StoryGraph Saturday: On Looking

StoryGraph Saturday is a weekly thing where I randomly choose a book from my To Read pile on StoryGraph and show it off to both remind myself that it’s there and to show it to you, Dear Reader, in case you might find it interesting, too.


On Looking: Eleven Walks with Expert Eyes
Alexandra Horowitz
Nonfiction
308 pages
Published in 2013

From The StoryGraph:

You are missing most of what is happening around you right now. You are missing what is happening in the distance and right in front of you. In reading these words, you are ignoring an unthinkably large amount of information that continues to bombard all of your senses. The hum of the fluorescent lights; the ambient noise in the room; the feeling of the chair against your legs or back; your tongue touching the roof of your mouth; the tension you are holding in your shoulders or jaw; the constant hum of traffic or a distant lawnmower; the blurred view of your own shoulders and torso in your peripheral vision; a chirp of a bug or whine of a kitchen appliance.

On Looking begins with inattention. It is not meant to help you focus on your reading of Tolstoy; it is not about how to multitask. Rather, it is about attending to the joys of the unattended, the perceived “ordinary.” Horowitz encourages us to rediscover the extraordinary things that we are missing in our ordinary activities. Even when engaged in the simplest of activities-taking a walk around the block-we pay so little attention to most of what is right before us that we are sleepwalkers in our own lives. So turn off the phone and portable electronics and get into the real world, where you’ll find there are worlds within worlds within worlds.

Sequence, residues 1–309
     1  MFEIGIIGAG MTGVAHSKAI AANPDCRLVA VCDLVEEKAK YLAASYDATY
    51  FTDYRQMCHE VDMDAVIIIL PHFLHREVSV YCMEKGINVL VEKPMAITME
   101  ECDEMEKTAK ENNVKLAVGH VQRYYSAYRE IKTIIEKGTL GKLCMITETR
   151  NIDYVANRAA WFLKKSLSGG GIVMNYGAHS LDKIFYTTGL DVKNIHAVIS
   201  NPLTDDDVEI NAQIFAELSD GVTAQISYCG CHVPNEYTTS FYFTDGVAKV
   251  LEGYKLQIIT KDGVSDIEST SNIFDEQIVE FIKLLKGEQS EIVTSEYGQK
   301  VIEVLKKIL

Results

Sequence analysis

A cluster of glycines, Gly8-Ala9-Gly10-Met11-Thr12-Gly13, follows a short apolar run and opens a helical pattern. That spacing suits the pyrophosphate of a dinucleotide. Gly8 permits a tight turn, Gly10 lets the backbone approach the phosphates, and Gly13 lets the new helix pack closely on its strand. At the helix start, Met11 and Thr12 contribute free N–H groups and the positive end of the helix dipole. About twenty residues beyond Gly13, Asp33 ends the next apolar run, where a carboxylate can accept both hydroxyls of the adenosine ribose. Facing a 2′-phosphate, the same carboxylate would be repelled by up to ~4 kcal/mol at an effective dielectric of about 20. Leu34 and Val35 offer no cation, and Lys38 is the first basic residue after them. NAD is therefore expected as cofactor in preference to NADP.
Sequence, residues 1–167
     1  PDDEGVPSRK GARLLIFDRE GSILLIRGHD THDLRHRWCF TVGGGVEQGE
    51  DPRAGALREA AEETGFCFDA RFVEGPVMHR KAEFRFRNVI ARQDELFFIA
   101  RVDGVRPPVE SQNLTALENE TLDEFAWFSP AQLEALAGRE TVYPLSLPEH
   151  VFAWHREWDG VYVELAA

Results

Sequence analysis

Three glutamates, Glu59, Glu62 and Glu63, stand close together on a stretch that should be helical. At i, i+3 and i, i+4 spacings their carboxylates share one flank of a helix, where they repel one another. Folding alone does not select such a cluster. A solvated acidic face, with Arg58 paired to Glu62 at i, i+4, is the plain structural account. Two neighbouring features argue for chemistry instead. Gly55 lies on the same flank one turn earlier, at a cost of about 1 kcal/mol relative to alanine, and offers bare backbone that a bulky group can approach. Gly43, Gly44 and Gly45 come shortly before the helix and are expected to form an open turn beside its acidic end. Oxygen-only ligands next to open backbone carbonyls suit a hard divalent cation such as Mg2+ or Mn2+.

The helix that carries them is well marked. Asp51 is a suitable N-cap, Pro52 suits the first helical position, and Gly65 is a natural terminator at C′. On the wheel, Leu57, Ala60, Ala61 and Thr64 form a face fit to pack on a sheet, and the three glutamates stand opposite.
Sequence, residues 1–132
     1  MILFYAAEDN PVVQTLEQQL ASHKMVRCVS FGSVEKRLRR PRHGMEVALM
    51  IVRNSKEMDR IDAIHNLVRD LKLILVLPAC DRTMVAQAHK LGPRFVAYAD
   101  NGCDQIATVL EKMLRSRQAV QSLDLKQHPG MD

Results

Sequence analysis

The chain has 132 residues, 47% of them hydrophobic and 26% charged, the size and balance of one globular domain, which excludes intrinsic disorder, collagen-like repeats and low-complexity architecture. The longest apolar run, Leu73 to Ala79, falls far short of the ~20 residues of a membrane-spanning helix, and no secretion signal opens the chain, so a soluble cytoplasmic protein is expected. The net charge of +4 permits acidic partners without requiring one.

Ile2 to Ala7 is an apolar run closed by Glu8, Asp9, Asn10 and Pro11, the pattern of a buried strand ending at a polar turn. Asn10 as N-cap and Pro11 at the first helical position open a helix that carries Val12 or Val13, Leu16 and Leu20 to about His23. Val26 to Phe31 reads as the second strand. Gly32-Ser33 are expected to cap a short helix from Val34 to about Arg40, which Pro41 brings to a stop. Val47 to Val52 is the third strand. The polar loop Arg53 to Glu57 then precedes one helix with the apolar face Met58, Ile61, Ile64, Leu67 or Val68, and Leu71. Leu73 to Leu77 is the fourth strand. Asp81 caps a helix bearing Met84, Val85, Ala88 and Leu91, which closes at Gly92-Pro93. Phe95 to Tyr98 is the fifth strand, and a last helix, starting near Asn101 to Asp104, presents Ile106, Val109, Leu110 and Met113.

Given that I, as a photographer, am always looking at weird things when I go out walking (seriously. I have stopped to stare at leaves, rocks, cracks in the sidewalk, shadows, random squiggles of spraypaint, etc., etc.), I’m curious about what other people see when they’re walking around. Of course, what they see depends on what they do, so the fact that Horowitz brought eleven different experts in eleven different fields on this series of walks makes me incredibly interested in this book. My library has it available as an audiobook, so I’ll download it soon. Probably when the weather cools down enough that I can more comfortably go for long, long walks.

3 thoughts on “StoryGraph Saturday: On Looking

  1. I’ve often wondered about the folks I run into on the trails who have their phones streaming some political show while they hike. Not my idea of a calming and worthwhile walk, but to each their own. It does bring to mind the description of this book, though. In listening to music or some program while walking they are missing so much that’s all around them. I suppose the reverse is also true, though, in that my attempting to be aware of my surroundings means I will naturally miss out on their music or program. Compromises. This also brings to mind the times I attempt to practice different forms of mindfulness, where I’ll just close my eyes and listen, try to hear all the different sounds around me. There was a car horn in the distance, a bit of thunder, my AC just kicked on, the fan of my computer whirring, the sound of my own breath. It’s fascinating how much we do overlook. There’s just too much to take in all of it, so we need to focus on what we feel has the most meaning for us. Sounds like it could be a interesting book and I look forward to reading your thoughts on it.

  2. I tend to listen to music when I’m out photographic just so I can disconnect from other people who might be out and about. It actually helps me focus more the world about me, somehow. Of course, that depends on the music (I’m partial to the album Silkidrangar by Samaris). I know there’s so much that I miss out there, but you can’t take everything in. I’m definitely looking forward to this one. I will report back!

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